Local hosting can also negatively impact load times and result in buffering issues if your server is not optimized for delivering large media files.

YouTube

Using a video hosting platform like YouTube is another viable option for all ranges of website traffic. By hosting a video on YouTube and loading the video on your website through an iframe, users will be able to view and interact with a UI they are most likely already accustomed to seeing. The setup is pretty simple as well; once a video is uploaded to YouTube, you can share the video on your website through an iframe code that YouTube provides.

Through this option, your local server saves storage space and bandwidth. However, it isn’t a perfect solution on its own. Loading a video from YouTube will automatically call external resources, which can affect your web page’s performance and load time. This is where lazy loading comes in.

Lazy loading is the process of preventing the browser from downloading certain resources until they are needed. For instance, we can use a JavaScript library like Lozad.js to prevent YouTube’s external files from loading onto a webpage until the user interacts with a placeholder element. Pairing lazy loading with YouTube provides a great hosting option if you are looking to have multiple videos on your web page.

Now, let’s take a look at the most well-rounded solution – CDNs.

CDN

A Content Delivery Network, or CDN, is a group of servers that are geographically distributed. When an end user tries to access a resource from a CDN, the server that is closest to them provides the resource from its cache. This enables swift delivery of web content while also reducing local server load. The downside is that this option is typically only recommended for high-traffic websites.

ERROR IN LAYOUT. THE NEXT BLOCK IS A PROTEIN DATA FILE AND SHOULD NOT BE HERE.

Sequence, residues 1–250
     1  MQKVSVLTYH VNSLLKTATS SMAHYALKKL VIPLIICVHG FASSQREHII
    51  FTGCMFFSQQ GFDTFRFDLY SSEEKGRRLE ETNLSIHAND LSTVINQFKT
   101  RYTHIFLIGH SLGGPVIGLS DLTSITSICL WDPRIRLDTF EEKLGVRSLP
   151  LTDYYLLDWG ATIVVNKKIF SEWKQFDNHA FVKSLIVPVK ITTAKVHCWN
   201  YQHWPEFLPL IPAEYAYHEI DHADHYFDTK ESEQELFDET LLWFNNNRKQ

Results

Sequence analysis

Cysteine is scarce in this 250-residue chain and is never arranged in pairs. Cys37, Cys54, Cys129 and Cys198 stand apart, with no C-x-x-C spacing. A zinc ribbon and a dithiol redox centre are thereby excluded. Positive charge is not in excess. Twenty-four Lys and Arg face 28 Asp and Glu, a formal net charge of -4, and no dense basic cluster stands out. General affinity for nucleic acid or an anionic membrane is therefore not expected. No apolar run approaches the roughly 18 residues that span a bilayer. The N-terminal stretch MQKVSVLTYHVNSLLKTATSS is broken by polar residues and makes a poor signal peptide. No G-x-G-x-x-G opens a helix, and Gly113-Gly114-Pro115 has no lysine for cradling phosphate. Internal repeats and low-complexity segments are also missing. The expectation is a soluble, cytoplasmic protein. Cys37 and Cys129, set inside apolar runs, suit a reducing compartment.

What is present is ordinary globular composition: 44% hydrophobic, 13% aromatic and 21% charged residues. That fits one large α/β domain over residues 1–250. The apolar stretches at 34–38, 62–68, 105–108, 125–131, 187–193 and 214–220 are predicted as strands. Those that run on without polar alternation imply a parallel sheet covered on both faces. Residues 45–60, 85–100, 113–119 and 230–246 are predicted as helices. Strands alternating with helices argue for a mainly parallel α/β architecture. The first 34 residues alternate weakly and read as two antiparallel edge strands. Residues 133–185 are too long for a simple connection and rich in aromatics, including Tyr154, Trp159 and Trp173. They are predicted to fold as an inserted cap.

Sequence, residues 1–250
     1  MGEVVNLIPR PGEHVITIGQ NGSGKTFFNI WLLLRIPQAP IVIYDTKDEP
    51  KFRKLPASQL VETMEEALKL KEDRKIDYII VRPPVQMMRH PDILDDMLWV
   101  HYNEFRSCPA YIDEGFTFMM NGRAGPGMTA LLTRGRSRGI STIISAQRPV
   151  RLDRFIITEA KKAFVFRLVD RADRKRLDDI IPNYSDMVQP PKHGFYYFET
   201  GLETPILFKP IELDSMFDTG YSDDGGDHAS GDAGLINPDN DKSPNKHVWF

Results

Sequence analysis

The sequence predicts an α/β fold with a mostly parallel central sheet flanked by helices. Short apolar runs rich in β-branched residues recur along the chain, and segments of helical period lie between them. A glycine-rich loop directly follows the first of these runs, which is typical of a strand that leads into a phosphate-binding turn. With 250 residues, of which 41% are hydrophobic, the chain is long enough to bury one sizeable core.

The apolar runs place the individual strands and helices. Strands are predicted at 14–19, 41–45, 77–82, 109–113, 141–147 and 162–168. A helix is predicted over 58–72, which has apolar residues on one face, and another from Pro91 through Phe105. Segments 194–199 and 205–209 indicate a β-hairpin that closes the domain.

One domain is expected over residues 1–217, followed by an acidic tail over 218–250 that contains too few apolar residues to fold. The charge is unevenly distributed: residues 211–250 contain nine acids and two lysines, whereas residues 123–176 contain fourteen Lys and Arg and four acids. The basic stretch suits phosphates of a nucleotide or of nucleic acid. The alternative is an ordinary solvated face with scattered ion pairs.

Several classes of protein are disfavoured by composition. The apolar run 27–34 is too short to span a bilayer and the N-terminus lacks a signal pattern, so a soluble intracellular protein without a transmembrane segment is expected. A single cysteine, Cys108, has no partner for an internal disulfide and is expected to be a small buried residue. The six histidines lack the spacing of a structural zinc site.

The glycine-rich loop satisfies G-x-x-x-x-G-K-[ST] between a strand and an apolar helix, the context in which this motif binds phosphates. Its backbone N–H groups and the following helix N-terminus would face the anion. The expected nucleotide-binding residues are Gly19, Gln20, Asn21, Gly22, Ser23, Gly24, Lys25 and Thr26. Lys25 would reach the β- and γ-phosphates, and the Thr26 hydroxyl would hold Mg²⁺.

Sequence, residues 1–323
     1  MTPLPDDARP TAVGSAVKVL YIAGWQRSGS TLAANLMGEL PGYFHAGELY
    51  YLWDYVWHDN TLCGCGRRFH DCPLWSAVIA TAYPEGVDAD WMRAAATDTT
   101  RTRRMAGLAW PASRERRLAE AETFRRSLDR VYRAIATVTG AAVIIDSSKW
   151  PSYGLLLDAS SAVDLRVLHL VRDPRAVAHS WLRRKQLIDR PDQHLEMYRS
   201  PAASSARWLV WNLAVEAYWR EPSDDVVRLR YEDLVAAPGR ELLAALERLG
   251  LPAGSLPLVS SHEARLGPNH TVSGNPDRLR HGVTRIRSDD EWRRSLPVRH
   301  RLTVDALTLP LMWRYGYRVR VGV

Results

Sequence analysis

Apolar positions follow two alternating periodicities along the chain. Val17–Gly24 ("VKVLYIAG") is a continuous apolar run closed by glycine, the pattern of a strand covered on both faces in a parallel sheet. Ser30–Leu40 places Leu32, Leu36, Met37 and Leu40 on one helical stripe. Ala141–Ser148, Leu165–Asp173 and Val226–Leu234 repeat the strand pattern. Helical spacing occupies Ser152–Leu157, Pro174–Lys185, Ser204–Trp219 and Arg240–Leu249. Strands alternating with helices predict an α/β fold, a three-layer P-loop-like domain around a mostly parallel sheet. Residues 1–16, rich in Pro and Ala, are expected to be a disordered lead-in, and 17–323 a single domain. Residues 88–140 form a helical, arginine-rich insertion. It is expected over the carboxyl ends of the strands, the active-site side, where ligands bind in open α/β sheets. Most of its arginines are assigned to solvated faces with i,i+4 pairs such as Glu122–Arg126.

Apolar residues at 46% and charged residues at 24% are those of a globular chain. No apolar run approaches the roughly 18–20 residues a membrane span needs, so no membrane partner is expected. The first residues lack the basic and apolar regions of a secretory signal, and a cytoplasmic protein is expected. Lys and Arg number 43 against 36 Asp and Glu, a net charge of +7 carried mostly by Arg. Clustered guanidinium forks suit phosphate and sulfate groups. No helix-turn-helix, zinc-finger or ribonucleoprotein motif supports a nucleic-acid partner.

Take a look at your current server utilization. If your server experiences any of these symptoms, then a CDN might be right for you:

  • Thousands of concurrent users
  • Sudden traffic spikes
  • Global audience
  • High bandwidth usage

If your website does not receive enough daily traffic, then a CDN might actually hurt more than it may help. For smaller websites with limited budgets, a CDN might not be as cost-effective.

However, if your website fits the above criteria, then switching to a CDN can be a quick way to boost your site’s performance. Here are a few reasons why one of our favorite hosting options is the CDN:

  • Using a CDN can significantly improve load times for users, regardless of the geographic location.
  • Serving large files like videos with a CDN can free up bandwidth and server load to allow for higher traffic volumes.
  • CDNs are often the cheaper solution than upgrading your own server capacity.
  • Less stress on your server means less risk of downtime or longer load times

Choosing between different hosting options for your video content depends on your specific needs and resources. Take some time to review your website’s traffic patterns, budget, and server capabilities to make the right choice for hosting your videos.